Presenter Status

Fellow

Abstract Type

Research

Primary Mentor

Meredith Dreyer, PhD

Start Date

2-5-2022 11:30 AM

End Date

2-5-2022 1:30 PM

Presentation Type

Poster Presentation

Description

Background: Estimates for children with attention-deficit/hyperactivity disorder (ADHD) and comorbid sleep disorders range from 25-75% (4,5,10). Among childhood sleep disorders, behavioral insomnia is one of the most common, with the treatment of choice being behavioral parent training (BPT) (4). BPT therefore is a common treatment element for both sleep disturbance and ADHD and presents a unique opportunity for more holistic pediatric care.

Objectives/Goal: Our objective was to implement and evaluate a behavioral sleep intervention in an ADHD behavioral parent training (BPT) program. Goals of the intervention were to decrease behavioral sleep symptoms, increase sleep duration, and decrease ADHD impairment.

Methods/Design: Brief targeted sleep education was integrated into the current ADHD BPT curriculum for parents/guardians of children ages 6-12 years. Our sample was 78 participants. Surveys were collected to evaluate sleep behavioral problems, sleep duration, and ADHD impairment. A comparison analysis was completed to evaluate the behavioral sleep intervention.

Results: [Preliminary Analysis] Survey response rate was about 70%. 49 participants (63%) attended the entire intervention, and 66 participants (85%) attended 6 of 8 classes. 50% of patients had clinically significant behavioral sleep problems (CSHQ total score ≥30). There were no significant pre-post differences in either the participant’s total CSHQ scores (-1.8, p=0.071) or their total sleep duration (-0.12 hours, p=0.990). The mean baseline and post-intervention total CSHQ scores were 30.80 and 29.67 respectively. Mean baseline and post-intervention sleep durations were 9.57 hours and 9.56 hours respectively. However, 86% of participants reported the sleep education was helpful and 65% endorsed that their child was sleeping better. There was significant improvement in child impairment (-3.84, p=0.00).

Conclusions: Many children with ADHD have sleep symptoms compounding their ADHD symptoms. As predicted by previous studies, ADHD BPT shows a significant decrease in ADHD impairment. Objectively, we did not find our intervention changed sleep outcomes; however, subjectively families reported intervention benefits. There were several study limitations. Our intervention was brief and may not be sufficient for severe sleep problems. The timing of the sleep intervention and data collection was suboptimal due to summer vacations and lack of long-term follow-up.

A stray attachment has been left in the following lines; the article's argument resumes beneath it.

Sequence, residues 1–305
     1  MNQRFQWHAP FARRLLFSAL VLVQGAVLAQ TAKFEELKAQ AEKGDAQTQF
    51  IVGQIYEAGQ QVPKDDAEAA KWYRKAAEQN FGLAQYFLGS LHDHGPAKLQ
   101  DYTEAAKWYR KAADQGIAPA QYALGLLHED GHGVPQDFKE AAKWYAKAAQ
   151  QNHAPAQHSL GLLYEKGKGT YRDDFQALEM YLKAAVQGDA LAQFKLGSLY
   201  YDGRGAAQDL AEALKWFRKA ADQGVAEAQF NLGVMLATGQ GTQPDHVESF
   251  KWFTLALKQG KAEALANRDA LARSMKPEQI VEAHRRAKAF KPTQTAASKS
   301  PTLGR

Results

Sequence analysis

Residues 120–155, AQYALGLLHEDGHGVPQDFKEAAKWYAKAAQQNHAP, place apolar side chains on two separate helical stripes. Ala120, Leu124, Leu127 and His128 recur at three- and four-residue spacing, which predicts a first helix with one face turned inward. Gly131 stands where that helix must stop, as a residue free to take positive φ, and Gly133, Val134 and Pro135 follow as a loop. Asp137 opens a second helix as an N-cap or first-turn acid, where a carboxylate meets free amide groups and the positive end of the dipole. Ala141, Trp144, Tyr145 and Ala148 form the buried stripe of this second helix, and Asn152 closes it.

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May 2nd, 11:30 AM May 2nd, 1:30 PM

Behavioral Parent Training for ADHD and Sleep: A Dream Pair

Background: Estimates for children with attention-deficit/hyperactivity disorder (ADHD) and comorbid sleep disorders range from 25-75% (4,5,10). Among childhood sleep disorders, behavioral insomnia is one of the most common, with the treatment of choice being behavioral parent training (BPT) (4). BPT therefore is a common treatment element for both sleep disturbance and ADHD and presents a unique opportunity for more holistic pediatric care.

Objectives/Goal: Our objective was to implement and evaluate a behavioral sleep intervention in an ADHD behavioral parent training (BPT) program. Goals of the intervention were to decrease behavioral sleep symptoms, increase sleep duration, and decrease ADHD impairment.

Methods/Design: Brief targeted sleep education was integrated into the current ADHD BPT curriculum for parents/guardians of children ages 6-12 years. Our sample was 78 participants. Surveys were collected to evaluate sleep behavioral problems, sleep duration, and ADHD impairment. A comparison analysis was completed to evaluate the behavioral sleep intervention.

Results: [Preliminary Analysis] Survey response rate was about 70%. 49 participants (63%) attended the entire intervention, and 66 participants (85%) attended 6 of 8 classes. 50% of patients had clinically significant behavioral sleep problems (CSHQ total score ≥30). There were no significant pre-post differences in either the participant’s total CSHQ scores (-1.8, p=0.071) or their total sleep duration (-0.12 hours, p=0.990). The mean baseline and post-intervention total CSHQ scores were 30.80 and 29.67 respectively. Mean baseline and post-intervention sleep durations were 9.57 hours and 9.56 hours respectively. However, 86% of participants reported the sleep education was helpful and 65% endorsed that their child was sleeping better. There was significant improvement in child impairment (-3.84, p=0.00).

Conclusions: Many children with ADHD have sleep symptoms compounding their ADHD symptoms. As predicted by previous studies, ADHD BPT shows a significant decrease in ADHD impairment. Objectively, we did not find our intervention changed sleep outcomes; however, subjectively families reported intervention benefits. There were several study limitations. Our intervention was brief and may not be sufficient for severe sleep problems. The timing of the sleep intervention and data collection was suboptimal due to summer vacations and lack of long-term follow-up.

 

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